HOME > News

3 Ways to Improve Wind Resilience of Your Solar Farms

published: 2019-12-07 0:00

In the previous article regarding wind resilience, three issues have been discussed:

  1. What is the wind resilience problem of PV trackers?
  2. How has the wind resilience problem come into existence?
  3. How does the lack of codes for PV trackers affect the PV industry?

 This article will focus more on the solutions to the previously discussed issues.

Image by Sebastian Ganso from Pixabay

A Structural Code Is Vital for Improving the PV Tracker’s Wind Resilience

Independent engineering reviews are usually carried out in the last stages of the project.

However, according to pv magazine’s interview with David Banks, head of solar services for wind engineering laboratory CPP, very few stakeholders would accept the bad news without some form of resistance, should the review contain information that may sink the whole project.

Product inspectors are reluctant to criticize the imperfections of their clients’ products
Some say it does not pay to be nice. However, it is not the case for product inspectors.

When a manufacturer calls an inspector for a review, the latter is less inclined to point out the defects or inadequacy in the product designs of the manufacturer, who is also the inspector’s client.

The more critical the inspectors are, the more likely their critique may harm the manufacturers’ business, which makes the manufacturers less willing to call the inspectors in the future. This, in turn, hurts the inspectors’ business.

The long-term solution: A code for building and installation
Due to all these conflicting interests mentioned above and the previous installment of this series, a building code is absolutely crucial.

When a code is in place, non-compliance will hurt the business of the solar farm. Therefore their stakeholders will have more incentives to comply.

The upside is that a whole chapter about solar energy is set to be included in the next round of updates of the American Society of Civil Engineers code, according to pv magazine

The downside is that the update is not due until 2022. Therefore, until 2022, the PV industry remains unregulated in terms of structure and installations.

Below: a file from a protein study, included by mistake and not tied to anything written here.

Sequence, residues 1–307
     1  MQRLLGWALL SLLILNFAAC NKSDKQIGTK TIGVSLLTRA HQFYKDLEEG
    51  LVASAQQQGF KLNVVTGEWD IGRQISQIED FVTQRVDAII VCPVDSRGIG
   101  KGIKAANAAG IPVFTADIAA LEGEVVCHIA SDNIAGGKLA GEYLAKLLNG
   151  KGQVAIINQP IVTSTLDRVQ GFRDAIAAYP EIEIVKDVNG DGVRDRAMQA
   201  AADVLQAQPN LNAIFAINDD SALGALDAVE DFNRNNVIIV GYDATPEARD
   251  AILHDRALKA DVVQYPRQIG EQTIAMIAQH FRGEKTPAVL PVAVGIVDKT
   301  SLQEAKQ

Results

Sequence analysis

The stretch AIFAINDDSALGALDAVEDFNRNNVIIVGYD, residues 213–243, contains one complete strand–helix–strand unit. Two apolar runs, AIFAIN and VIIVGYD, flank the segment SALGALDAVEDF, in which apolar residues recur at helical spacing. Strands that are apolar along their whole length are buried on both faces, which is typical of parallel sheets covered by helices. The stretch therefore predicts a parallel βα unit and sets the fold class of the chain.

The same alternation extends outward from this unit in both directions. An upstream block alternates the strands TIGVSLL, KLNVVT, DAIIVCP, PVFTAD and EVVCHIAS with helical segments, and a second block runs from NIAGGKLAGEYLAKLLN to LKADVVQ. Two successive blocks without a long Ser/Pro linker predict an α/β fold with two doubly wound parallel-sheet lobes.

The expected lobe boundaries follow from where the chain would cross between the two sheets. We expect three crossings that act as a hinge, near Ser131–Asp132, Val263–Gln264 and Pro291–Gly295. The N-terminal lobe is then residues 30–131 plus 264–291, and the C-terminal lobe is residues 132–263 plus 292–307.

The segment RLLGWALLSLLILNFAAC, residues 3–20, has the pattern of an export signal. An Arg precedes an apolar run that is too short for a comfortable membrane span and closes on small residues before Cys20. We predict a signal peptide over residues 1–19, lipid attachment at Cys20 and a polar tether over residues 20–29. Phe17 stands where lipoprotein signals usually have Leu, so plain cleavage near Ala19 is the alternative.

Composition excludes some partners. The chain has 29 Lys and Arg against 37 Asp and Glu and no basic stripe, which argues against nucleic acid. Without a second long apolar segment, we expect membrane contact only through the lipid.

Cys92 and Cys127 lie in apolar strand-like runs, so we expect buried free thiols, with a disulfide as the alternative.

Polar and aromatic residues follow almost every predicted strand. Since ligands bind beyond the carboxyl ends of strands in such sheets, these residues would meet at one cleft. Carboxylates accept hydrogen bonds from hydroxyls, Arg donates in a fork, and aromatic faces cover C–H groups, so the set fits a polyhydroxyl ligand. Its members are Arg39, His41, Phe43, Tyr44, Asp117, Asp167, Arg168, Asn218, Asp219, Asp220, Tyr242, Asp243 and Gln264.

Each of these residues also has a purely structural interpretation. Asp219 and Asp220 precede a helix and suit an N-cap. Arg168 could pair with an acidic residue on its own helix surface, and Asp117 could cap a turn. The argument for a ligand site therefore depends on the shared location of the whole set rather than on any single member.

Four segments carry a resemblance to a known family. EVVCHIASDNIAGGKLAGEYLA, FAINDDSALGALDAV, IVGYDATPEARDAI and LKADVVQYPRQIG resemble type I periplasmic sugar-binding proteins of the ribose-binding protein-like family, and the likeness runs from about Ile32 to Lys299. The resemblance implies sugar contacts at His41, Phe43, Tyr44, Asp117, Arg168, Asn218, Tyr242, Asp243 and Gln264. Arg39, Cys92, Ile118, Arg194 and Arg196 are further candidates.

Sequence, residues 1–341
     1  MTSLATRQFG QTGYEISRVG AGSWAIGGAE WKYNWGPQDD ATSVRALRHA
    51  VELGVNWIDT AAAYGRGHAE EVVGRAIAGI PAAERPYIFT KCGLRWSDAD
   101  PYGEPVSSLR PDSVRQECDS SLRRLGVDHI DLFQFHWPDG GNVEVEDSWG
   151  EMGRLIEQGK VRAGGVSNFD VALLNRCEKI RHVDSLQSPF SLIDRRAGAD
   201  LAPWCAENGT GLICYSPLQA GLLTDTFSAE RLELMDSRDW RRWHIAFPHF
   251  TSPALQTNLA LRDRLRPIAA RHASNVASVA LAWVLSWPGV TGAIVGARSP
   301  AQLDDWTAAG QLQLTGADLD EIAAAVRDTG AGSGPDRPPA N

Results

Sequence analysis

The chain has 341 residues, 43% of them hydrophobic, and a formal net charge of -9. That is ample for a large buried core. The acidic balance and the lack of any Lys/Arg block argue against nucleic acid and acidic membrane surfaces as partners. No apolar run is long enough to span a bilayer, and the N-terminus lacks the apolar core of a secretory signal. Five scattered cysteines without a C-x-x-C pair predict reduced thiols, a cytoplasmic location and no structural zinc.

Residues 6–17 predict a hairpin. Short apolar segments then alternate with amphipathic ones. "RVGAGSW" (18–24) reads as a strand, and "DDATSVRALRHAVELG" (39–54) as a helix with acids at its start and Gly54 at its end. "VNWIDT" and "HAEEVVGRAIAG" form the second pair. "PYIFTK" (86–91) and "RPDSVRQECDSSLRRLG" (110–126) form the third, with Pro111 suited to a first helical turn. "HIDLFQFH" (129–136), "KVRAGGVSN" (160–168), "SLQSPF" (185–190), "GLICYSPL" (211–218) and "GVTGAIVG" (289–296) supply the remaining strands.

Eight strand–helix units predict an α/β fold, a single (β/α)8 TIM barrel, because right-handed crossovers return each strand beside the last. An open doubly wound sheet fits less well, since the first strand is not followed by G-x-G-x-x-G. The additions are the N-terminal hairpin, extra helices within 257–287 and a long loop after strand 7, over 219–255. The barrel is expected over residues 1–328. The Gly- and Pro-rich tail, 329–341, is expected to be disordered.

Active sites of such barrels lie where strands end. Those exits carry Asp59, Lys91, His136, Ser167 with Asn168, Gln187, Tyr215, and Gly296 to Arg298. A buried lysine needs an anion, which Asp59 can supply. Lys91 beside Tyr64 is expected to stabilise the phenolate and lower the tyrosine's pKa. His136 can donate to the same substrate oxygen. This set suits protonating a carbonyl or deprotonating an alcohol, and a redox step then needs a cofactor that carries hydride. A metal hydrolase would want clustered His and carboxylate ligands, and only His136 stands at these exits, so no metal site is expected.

What is a stakeholder to do in the meantime?

The short-term solution: Set your own standards
According to Simon Hughes, a partner at Everoze, a European technical and commercial energy consultancy, given that the codes the manufacturers adopted may be lacking or even absent at the moment, the stakeholders need to set their own standards and check the designs.

 It would also pay to closely study the wind tunnel report. Stakeholders should pay attention to

  1. What the wind tunnel report is telling them
  2. What the wind tunnel report is NOT telling them

If the two tasks listed above prove to be improbable, stakeholders may need to get assistance from independent engineering labs to review the report.


The Design of PV Trackers Needs Modifications

Hughes also pointed out that for the PV trackers to withstand different levels of wind speed, there are many factors to be considered and adjusted:

  1. Length
  2. Module arrangement
  3. Stiffness
  4. Damping
  5. Stow strategy

Take module arrangement for example. When modules are in portrait, aerodynamic loads are hard to predict. Serious tweaking is needed to make them work and ensure their stability.

Hughes noted that there are more and more manufacturers keen to demonstrate their commitment to ensuring the stability of their trackers.

Therefore more changes to the design of the PV trackers may be introduced in the near future.

In the meantime, the manufacturers may choose to downgrade their claims regarding the design wind speed. 


Wind Measurements and Simulations Could Help Reduce Capex

In most cases, national standards are a good indicator in terms of severe wind speeds. However, when it comes to the multifaceted environment, the said standards are no longer sufficient. 

Therefore some manufacturers have performed wind measurements and wind simulations to minimize the wind damage.

Moreover, it makes good economic sense to conduct a thorough examination of the site where the solar farm will be built.

Hughes explained that, if the site in question is unlikely to be exposed to strong wind, the buyer would have more options and more bargaining power, which could achieve huge savings in costs.




announcements add announcements     mail print